And, purely from observing other people, I think most people use portable gaming devices in exactly the same way.

This also explains the difference between games on a 3DS, and games on an iPhone. The former are often deep, long games that don’t work well in short bursts, while the latter are typically small time fillers that can be played in short intervals. The two systems are used in different ways, and the games that are available on them reflect that.4

And it explains why the 3DS still sells well. If it were in the market for «things people carry along all the time», I agree that nobody would buy a 3DS. Hell, I wouldn’t. But people do buy it.

Just look at how portable videogame systems are designed. Even the regular-sized 3DS is not a small device. It’s not pocketable.5 Everything else — the PlayStation Vita, the 3DS XL, the 2DS, the Nvidia Shield — is even bigger. These devices are not designed for pockets, and never were.6

Picture of hand holding Nvidia Shield

Multi-purpose devices that do many things well enough are preferable in situations where space is limited. Most people don’t wear watches anymore, because phones work well enough for that purpose. Conversely, where you have much space, you want dedicated devices that do one thing perfectly. You probably own a TV, and maybe you own a tablet, even though you could use your PC to replace both of these devices.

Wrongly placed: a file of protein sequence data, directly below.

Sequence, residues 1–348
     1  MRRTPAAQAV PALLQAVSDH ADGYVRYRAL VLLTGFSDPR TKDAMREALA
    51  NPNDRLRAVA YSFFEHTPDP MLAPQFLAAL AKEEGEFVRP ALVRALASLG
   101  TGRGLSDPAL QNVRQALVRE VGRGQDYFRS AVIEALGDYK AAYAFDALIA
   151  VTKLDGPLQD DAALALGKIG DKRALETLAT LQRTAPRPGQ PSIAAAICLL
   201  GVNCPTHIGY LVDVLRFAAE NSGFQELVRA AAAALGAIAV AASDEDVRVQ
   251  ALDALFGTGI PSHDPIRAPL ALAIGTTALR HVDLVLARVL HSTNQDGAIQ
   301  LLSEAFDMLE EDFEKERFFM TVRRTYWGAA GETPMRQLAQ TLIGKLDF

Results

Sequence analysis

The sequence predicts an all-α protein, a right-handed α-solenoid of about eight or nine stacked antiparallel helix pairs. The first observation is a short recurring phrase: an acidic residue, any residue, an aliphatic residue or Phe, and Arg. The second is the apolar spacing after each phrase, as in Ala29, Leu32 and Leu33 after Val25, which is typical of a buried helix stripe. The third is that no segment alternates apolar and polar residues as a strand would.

If people use portable gaming systems where room is limited, phones will crowd them out. If they use them where room is not limited, phones will not crowd them out.

Gruber thinks that portable gaming is doomed because it competes in the market for «things to carry in addition to the mobile device people already carry everywhere». I agree that mobile phones will eventually crowd out almost all other devices in that market — but I don’t think portable gaming devices are in that market.

I’ll acknowledge that I might be wrong. I’ve looked for studies or statistics on the topic, and could find none. If it is indeed true that people mainly buy portable gaming systems to carry them along outside of their homes, then I agree that the market for portable gaming systems should be pretty much gone by now.